Or I should say, he has already created it and it is only a matter of time � and not much of it � when his vision is likely to come true. This is truly a genie that once out of the bottle cannot be put back. And apparently, it's out. It makes all these arguments about politics and religion seem trivial.

Kurzweil is the author of a bevy of fascinating books, among them, "Fantastic Voyage: Long Enough to Live Forever."

It is the ultimate human dream. If offered to anyone, Jesus never has a chance. But if this really becomes (or really already is) reality, will humanity ignore its previously important need for a soul? (No, I will not digress into this is the same way Jesus got his power in the first place.)

Certain other questions can be asked at this crossroads, such as, would our apparent need to have a conscience no longer be relevant? Why DO we try to do good? So we will be rewarded after we die? Then, what if we don't die?

And then comes the bitterest pill to swallow. The safety net we thought we had has suddenly vaporized.

The myths by which we attempt to answer these questions are not only known to be false copies of earlier religions, they have been demolished as fantastic fabrications by all manner of scientific disciplines, notably by archeology and the discovery on this planet of earlier civilizations about which we have next to no knowledge.

One only need turn to Dr. Ashraf Ezzat's "Egyptian Torah" to realize that the main principles of both Christianity and Judaism were stolen lock, stock and barrel from the ancient religion of the Pharaohs, rendering the so-called "divinity" of all these saviors and saints just so much propagandistic palaver in the battle for the human mind.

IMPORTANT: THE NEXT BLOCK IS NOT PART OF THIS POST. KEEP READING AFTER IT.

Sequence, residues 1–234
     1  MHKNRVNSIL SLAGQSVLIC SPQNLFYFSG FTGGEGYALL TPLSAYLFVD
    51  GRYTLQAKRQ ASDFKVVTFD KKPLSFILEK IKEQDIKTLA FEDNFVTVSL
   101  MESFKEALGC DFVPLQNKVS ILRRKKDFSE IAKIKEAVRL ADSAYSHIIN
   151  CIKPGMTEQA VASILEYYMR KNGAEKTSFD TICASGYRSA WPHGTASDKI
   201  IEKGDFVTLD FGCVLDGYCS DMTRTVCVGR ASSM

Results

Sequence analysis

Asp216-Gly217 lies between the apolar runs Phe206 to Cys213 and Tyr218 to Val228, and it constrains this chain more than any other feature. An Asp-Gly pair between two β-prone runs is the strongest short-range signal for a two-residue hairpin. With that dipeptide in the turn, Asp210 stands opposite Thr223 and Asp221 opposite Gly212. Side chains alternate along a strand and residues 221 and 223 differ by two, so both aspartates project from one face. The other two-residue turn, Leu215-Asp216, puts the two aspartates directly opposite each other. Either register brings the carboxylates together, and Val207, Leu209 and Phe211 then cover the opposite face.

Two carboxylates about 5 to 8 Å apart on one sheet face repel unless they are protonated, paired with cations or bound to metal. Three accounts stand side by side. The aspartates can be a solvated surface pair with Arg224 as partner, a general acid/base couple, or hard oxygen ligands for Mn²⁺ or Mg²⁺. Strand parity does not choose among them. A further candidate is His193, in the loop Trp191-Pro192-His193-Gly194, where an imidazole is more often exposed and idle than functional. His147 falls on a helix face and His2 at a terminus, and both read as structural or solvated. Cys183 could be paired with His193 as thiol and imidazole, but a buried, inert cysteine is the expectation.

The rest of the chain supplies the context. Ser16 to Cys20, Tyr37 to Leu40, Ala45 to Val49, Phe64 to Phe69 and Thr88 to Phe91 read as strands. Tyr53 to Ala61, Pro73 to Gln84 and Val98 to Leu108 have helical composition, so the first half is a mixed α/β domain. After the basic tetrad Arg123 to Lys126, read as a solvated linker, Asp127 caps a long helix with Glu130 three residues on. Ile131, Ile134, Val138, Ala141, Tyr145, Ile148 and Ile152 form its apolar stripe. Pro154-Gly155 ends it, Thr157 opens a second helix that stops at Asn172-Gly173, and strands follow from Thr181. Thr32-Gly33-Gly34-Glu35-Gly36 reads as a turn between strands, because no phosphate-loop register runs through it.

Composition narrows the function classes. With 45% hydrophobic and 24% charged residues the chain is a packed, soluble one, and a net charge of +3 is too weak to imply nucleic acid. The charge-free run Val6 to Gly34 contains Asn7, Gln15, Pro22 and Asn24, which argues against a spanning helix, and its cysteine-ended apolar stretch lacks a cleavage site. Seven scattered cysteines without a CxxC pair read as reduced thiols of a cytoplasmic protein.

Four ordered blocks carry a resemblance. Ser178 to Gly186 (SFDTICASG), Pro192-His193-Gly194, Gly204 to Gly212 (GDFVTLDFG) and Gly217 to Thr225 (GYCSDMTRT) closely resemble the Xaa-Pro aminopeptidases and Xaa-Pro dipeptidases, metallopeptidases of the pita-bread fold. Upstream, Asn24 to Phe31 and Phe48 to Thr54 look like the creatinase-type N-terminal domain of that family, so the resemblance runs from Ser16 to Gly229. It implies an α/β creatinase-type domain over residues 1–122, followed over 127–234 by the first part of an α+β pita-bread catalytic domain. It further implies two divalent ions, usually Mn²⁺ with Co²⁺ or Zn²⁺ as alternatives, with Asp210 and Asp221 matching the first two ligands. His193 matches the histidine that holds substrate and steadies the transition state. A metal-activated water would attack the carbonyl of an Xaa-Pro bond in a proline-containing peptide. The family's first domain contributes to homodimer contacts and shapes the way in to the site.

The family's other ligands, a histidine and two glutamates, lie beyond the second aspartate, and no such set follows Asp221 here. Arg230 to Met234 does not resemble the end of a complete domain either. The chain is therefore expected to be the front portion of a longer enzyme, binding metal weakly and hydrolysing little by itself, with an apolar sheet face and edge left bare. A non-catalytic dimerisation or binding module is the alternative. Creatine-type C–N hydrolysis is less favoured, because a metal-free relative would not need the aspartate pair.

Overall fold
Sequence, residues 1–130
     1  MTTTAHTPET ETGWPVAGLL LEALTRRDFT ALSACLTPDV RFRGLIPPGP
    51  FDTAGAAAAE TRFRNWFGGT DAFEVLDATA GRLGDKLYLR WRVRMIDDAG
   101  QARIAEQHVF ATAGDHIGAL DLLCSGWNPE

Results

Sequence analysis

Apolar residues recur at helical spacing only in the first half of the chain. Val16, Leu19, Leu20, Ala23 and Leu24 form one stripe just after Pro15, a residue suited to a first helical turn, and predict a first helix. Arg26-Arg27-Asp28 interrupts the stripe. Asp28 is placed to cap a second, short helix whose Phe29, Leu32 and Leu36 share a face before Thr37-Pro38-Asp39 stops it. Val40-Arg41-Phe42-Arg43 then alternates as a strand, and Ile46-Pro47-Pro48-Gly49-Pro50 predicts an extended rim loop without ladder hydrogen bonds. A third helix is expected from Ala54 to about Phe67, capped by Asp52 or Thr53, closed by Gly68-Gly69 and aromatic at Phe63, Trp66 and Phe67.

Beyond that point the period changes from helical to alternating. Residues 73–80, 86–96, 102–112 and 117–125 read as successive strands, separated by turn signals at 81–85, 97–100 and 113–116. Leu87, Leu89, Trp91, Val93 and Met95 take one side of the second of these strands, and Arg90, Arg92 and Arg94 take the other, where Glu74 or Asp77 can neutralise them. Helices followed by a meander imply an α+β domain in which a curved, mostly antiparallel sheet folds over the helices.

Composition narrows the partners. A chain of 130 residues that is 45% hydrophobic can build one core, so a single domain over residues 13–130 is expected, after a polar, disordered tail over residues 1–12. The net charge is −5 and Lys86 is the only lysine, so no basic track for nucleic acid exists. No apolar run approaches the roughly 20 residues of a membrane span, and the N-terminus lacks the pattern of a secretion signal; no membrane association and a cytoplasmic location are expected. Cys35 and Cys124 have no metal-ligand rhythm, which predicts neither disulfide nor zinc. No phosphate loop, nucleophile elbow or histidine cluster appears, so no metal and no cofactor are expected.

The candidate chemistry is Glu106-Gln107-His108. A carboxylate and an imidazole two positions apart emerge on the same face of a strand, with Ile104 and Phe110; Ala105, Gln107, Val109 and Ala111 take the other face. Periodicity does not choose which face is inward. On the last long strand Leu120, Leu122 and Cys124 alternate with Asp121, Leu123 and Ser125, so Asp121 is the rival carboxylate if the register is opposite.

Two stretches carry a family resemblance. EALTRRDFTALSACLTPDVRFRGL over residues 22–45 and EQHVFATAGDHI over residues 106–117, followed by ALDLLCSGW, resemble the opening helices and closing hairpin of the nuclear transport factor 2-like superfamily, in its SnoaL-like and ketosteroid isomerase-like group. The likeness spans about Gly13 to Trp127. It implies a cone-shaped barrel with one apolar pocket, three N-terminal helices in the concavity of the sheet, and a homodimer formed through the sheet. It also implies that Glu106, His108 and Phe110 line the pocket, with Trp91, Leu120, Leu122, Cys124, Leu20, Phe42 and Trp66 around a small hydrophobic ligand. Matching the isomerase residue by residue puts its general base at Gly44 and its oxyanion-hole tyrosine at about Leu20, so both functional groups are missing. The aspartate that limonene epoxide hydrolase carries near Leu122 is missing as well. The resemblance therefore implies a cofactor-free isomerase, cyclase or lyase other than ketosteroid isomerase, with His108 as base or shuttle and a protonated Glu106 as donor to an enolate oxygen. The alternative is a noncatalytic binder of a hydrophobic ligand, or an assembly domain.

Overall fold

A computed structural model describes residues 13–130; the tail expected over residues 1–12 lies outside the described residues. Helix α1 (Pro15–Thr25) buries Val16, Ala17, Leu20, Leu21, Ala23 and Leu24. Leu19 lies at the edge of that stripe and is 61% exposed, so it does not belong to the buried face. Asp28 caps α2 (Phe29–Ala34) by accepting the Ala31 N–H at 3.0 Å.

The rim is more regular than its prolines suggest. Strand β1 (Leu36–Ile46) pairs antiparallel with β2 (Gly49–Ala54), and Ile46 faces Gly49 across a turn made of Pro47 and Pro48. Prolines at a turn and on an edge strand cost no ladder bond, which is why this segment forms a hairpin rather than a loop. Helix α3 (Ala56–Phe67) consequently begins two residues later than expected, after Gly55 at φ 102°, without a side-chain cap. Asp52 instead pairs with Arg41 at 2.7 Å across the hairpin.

Ezzat writes:

In a book of instructions, Amenemhat, an Egyptian king, advised his son, Sesostris , to attain the highest qualities, because upon his death he will see his whole lifetime in a single instant and his performance on earth will be reviewed and evaluated, by the judges. In recent years, numerous books addressed the near-death experiences of many people. In this phenomenon, it is reported that seeing the person�s whole life span in an instant, is a recurrent theme for all persons with near-death experiences. Death is not the end, but rather it is a transitional state. Such an experience matches exactly the Egyptians� belief of the afterlife process, which starts with the Day of Judgment where the life of the person is evaluated.

Judgment day

See full size image here

This detail scene, from the Papyrus of Hunefer (ca. 1375 B.C.), shows Hunefer's heart being weighed on the scale of Maat against the feather of truth, by the jackal-headed Anubis. The Ibis-headed Thoth, scribe of the gods, records the result. If his heart is lighter than the feather, Hunefer is allowed to pass into the afterlife. If not, he is eaten by the waiting chimeric devouring creature Ammut composed of the deadly crocodile, lion, and hippopotamus.

Ancient Egyptians were the first to believe in a day of judgment. According to the recorded rituals, the spirit of the deceased denied committing each sin/fault before its assigned judge, by reciting the forty-two negative confessions (analogous to the famed Ten Commandments).